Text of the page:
God is not just in the Quiet Times

It’s been two weeks since we last posted and I know that’s a no-no in blog world. But it’s pretty hard to find time to write when you’re living out of your car, visiting people you haven’t seen in a decade and adventuring through monumental nature sights like the rustic Oregon coast, famous Crater Lake (made from a volcano!), the Redwoods and Yosemite. Often without any signal or reception. Yes, we’ve been out of touch with many, but very in the moment with one another and with the friends and family in front of us.

And that’s the point. I’ve had to remind myself of that whenever I think about how behind we are on our posts. So. Much. Has. Happened. And I want to share it all with you! But it will just have to come in spurts as we’re able, and the sequence may be off. We want to share with you about Utah, Washington, the INSP conference in Seattle, Oregon, northern California, Bethel, our time with family and all we’re learning and doing along the way! Eventually we’ll get there.

(To see the pictures bigger, click on them and you can arrow through the gallery).

Right now we’re visiting Matt’s sister Mary and her husband Kory who live in Sacramento. It’s been a blast. We’ve gone hiking, canyon jumping and swimming, picnicking in Yosemite and seeing the splendor of it all. Nature is the best entertainment, not to mention the cheapest! My adventure tank is definitely full, which is a sweet kiss from God since He knows how I come alive with that kind of stuff. But my physical and emotional energy tank has needed some tending to. We’ve stayed up late most nights. Alone time doesn’t really happen unless Matt and I get real creative and intentional with how to give it to one another (and as much as I’m an outgoing person who loves to engage people, I’m also an introvert in the sense that I draw my energy and strength from being alone, so I’m grateful for some time today that Matt has gifted to me by taking the kids on errands). And you can imagine the challenge of Matt and I getting couple time together since we’re constantly with the kiddos, and then sleeping in tents or often in one big room. I have no idea how the early pioneers had private conversations or moments with all those kids in a one room house!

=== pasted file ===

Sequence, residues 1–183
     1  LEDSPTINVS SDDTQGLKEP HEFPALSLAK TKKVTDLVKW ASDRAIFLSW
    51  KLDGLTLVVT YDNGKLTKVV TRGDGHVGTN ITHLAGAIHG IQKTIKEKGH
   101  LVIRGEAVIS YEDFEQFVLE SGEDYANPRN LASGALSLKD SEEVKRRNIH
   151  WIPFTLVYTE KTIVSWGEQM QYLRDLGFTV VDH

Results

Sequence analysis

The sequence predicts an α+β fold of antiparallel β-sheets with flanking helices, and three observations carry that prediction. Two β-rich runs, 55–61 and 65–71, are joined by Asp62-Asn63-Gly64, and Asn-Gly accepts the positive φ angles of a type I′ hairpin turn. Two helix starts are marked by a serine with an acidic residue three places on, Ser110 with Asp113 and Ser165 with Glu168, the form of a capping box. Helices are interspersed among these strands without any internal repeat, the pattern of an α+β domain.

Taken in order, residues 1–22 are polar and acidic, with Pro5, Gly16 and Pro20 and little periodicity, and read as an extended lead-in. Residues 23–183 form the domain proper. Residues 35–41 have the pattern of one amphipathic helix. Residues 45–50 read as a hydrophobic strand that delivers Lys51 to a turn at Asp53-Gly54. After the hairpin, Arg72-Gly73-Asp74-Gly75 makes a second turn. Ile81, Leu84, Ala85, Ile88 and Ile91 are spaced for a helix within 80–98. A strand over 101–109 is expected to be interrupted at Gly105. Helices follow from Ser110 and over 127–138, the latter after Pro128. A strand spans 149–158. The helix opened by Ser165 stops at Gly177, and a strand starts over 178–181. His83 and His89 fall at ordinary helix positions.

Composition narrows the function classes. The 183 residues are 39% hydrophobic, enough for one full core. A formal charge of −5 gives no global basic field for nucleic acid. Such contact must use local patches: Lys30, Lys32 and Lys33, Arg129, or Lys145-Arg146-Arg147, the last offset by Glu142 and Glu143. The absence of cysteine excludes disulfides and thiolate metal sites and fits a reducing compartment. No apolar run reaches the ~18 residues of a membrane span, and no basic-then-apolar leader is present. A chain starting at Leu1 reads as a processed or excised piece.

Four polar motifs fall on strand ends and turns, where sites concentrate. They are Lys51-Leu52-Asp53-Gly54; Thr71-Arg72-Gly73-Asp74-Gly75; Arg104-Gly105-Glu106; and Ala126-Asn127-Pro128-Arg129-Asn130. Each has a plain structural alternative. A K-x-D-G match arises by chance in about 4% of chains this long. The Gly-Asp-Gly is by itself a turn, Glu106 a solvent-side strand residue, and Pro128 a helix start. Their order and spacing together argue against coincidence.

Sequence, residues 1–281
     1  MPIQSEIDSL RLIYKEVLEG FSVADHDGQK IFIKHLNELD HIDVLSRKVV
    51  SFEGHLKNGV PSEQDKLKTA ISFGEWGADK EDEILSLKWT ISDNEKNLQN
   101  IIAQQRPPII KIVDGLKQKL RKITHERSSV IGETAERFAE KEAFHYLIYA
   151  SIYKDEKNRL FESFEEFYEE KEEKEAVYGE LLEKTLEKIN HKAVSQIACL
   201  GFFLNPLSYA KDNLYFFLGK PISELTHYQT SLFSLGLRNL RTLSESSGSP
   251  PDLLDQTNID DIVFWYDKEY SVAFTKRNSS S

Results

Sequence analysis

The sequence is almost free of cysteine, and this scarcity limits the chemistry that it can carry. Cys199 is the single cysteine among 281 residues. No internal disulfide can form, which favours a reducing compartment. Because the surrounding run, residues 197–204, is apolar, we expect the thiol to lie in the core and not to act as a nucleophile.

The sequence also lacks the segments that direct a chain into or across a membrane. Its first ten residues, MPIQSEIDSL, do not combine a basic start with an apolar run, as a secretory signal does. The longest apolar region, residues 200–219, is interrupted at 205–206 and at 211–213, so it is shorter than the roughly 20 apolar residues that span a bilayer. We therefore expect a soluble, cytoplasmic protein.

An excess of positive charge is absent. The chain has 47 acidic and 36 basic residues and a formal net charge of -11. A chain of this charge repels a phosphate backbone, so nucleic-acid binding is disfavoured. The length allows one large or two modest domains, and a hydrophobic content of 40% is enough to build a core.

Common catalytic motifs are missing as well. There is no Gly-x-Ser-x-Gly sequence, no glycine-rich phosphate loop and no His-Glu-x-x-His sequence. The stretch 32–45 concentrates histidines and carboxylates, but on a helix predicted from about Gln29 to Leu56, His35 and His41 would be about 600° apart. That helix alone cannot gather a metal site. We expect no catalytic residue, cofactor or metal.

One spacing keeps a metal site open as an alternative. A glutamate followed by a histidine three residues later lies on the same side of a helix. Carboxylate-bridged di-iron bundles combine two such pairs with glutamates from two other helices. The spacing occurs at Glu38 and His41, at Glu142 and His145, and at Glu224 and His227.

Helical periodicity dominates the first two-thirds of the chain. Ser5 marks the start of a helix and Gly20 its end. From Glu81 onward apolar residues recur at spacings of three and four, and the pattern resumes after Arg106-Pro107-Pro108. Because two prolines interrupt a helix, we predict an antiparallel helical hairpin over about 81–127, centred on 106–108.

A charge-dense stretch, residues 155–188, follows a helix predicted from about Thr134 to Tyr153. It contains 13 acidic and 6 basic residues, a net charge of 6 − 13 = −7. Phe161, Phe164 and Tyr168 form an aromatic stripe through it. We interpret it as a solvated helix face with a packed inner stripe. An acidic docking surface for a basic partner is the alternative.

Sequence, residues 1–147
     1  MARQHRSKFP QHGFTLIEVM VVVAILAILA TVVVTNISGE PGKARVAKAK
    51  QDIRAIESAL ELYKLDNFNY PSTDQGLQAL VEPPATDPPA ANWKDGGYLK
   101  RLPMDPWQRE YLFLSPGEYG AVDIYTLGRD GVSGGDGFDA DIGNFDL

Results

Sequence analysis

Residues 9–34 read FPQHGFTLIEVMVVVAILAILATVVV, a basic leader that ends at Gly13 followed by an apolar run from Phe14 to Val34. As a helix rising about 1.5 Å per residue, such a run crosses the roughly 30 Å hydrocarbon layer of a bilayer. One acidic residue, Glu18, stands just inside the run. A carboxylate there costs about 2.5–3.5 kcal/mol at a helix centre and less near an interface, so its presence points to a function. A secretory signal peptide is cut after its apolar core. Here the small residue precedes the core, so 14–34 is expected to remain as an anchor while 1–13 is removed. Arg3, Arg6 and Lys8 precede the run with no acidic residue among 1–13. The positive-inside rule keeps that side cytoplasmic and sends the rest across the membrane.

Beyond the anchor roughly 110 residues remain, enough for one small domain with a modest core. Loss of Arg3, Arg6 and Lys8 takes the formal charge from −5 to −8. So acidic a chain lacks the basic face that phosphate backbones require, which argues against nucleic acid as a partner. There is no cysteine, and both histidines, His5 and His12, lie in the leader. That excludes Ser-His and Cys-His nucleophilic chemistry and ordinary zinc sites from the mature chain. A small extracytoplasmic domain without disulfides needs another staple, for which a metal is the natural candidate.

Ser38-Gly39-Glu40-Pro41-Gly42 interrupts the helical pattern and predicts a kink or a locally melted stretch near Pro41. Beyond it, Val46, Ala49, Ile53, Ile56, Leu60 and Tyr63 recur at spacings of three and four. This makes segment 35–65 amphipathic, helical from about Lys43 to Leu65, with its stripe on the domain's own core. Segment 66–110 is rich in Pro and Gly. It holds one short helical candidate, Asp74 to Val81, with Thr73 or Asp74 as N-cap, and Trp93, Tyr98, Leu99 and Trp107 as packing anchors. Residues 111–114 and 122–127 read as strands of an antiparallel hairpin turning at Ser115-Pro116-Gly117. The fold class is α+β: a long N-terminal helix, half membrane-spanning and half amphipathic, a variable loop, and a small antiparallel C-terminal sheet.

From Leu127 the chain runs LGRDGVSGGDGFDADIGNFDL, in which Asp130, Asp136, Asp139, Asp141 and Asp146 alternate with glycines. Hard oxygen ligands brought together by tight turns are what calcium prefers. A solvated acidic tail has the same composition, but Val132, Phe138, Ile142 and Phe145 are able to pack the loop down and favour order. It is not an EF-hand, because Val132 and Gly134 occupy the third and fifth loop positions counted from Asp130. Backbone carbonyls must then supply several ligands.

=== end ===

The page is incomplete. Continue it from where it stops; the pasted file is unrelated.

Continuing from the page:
Seaside, Oregon

But there is this overarching sense of peace knowing we are right in God’s plan for us this summer. And He knows our needs. And we are learning to depend on Him in new ways. We are going a little deeper in our understanding of what it means to wait on Him. What it means to find our anchor in Him when our previous concept of “normalcy” is in no way our current reality. He Himself is our anchor when we don’t have total control over the pace or schedule of our days, when we can’t always find the time or place to do the typical “quiet time” or processing time, when we’re tired and when there are people we love in front of us to engage (and that we really want to engage) even when we feel a little empty.

Moments of drawing back, pulling away are important. But I feel like He is teaching us new ways to do this…whether it be losing a little more sleep to get it in, or finding the quiet well in the midst of the chaos. Jesus can be found and His strength drawn from in loud noisy spaces full of activity as well as in the quiet serene calm of a solitary nature spot. And I’ve really needed to learn this for a long time.